Peace lilies (Spathiphyllum spp.) may be beautiful but also can be extremely scary for any nearby animals. Plants within this genus are commonly placed indoors, however, they should always be kept far out of your pets' reach -- including your guinea pig.
Peace Lily Basics
Peace lilies, also referred to as Mauna Loa peace lilies, can be grown in U.S. Department of Agriculture plant hardiness zones 11 and 12. As a group, they typically reach heights between 1 and 6 feet. Their showy white flowers look vibrant in comparison to their rich, deep green leaves.
Toxic to Guinea Pigs
Peace lilies are indeed toxic to guinea pigs and can bring upon kidney failure. The plants' calcium oxalates, which are in the leaves and stems, are the poisonous components. Guinea pigs that consume parts of peace lilies can experience detrimental health consequences such as lack of appetite and severe weight loss. One case study in "The Canadian Veterinarian Journal" in 2006 reported that a guinea pig that ingested peace lily was put to sleep because the related health issues worsened, despite veterinary care. Don't let your guinea pig anywhere near peace lilies; warning signs of ingestion in guinea pigs include exhaustion, eliminating less frequently, listlessness and eating very little.
Dogs and Cats, too
Peace lilies aren't only perilous to guinea pigs but also to other pets. The plants' calcium oxalates are poisonous to cats and dogs alike. Symptoms of chewing or ingesting the plant include irritation and burning of the oral area, problems swallowing food, diarrhea, inordinate salivation, labored breathing, throwing up, loss of appetite and conspicuous pawing by their mouths.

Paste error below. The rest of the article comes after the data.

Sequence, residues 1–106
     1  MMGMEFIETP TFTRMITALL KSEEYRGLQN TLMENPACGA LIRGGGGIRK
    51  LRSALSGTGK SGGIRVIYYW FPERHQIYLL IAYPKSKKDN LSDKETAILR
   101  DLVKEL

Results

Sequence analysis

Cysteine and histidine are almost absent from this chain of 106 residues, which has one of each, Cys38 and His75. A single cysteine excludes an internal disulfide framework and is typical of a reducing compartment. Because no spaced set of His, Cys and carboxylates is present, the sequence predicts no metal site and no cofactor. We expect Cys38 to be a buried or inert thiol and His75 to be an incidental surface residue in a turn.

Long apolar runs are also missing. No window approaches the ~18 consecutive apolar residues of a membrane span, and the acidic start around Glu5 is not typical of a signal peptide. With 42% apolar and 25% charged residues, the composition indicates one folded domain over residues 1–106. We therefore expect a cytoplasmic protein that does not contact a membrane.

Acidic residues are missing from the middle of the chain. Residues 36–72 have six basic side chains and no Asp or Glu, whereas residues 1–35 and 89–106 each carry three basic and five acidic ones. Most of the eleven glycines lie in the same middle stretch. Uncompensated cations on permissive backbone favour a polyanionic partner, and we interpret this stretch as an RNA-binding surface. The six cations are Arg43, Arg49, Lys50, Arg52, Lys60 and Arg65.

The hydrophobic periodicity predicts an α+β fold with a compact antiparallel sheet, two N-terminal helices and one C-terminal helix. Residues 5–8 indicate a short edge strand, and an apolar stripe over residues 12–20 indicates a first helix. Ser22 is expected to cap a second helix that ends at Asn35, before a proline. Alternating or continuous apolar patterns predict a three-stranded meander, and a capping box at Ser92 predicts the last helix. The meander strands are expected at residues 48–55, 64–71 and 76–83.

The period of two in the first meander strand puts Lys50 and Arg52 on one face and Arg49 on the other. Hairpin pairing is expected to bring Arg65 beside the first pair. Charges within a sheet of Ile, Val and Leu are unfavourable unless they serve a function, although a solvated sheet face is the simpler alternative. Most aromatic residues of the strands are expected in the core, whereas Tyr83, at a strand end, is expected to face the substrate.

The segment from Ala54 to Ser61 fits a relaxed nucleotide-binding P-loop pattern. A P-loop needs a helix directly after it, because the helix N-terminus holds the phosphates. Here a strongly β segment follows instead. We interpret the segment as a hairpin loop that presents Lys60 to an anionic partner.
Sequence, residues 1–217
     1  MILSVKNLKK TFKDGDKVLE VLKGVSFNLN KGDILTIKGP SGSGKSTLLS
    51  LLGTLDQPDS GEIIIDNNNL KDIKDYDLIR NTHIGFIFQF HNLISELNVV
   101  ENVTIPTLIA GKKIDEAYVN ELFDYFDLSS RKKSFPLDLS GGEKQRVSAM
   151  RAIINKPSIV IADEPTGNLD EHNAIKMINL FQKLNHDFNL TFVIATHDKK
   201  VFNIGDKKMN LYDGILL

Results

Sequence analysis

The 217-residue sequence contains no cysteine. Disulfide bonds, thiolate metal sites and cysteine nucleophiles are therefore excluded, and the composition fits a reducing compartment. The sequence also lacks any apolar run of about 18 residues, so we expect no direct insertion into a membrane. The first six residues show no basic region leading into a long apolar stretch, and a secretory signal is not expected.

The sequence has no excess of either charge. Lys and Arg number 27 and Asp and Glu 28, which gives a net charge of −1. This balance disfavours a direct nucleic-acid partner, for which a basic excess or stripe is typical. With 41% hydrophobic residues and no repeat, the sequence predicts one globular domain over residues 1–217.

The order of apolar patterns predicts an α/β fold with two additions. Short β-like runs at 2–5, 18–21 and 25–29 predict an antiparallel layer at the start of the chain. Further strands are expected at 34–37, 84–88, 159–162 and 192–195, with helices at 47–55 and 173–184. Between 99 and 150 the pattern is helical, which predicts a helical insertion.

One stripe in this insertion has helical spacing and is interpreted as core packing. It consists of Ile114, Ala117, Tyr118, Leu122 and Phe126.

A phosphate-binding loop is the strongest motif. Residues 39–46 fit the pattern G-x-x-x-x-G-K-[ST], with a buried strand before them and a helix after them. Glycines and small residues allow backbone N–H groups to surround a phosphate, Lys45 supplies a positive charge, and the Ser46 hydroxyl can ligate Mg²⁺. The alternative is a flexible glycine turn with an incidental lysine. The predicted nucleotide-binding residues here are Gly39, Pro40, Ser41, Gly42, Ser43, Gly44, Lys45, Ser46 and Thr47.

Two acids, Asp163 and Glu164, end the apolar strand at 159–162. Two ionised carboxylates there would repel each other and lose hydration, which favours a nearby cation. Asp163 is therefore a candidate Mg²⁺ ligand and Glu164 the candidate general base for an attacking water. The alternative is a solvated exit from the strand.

Urgent Veterinary Care
If you catch your guinea pig in the act of chewing any segment of a peace lily, take him to see a veterinarian immediately. This also goes for dogs and cats. Even if you didn't see your pet go near the plant but you notice signs that indicate poisoning, take your furry friend to the vet at once. Do not wait.
- ASPCA: Peace Lily
- Missouri Botanical Garden: Spathiphyllum (group)
- Seminole County Government Extension Services: Spathiphyllum - The Peace Lily
- Pet Poison Helpline: Peace Lily
- U.S. National Library of Medicine National Institutes of Health: Renal Failure in a Guinea Pig (Cavia porcellus) Following Ingestion of Oxalate Containing Plants
- ASPCA: Peace Lily
- Photo Credit Michael Blann/Digital Vision/Getty Images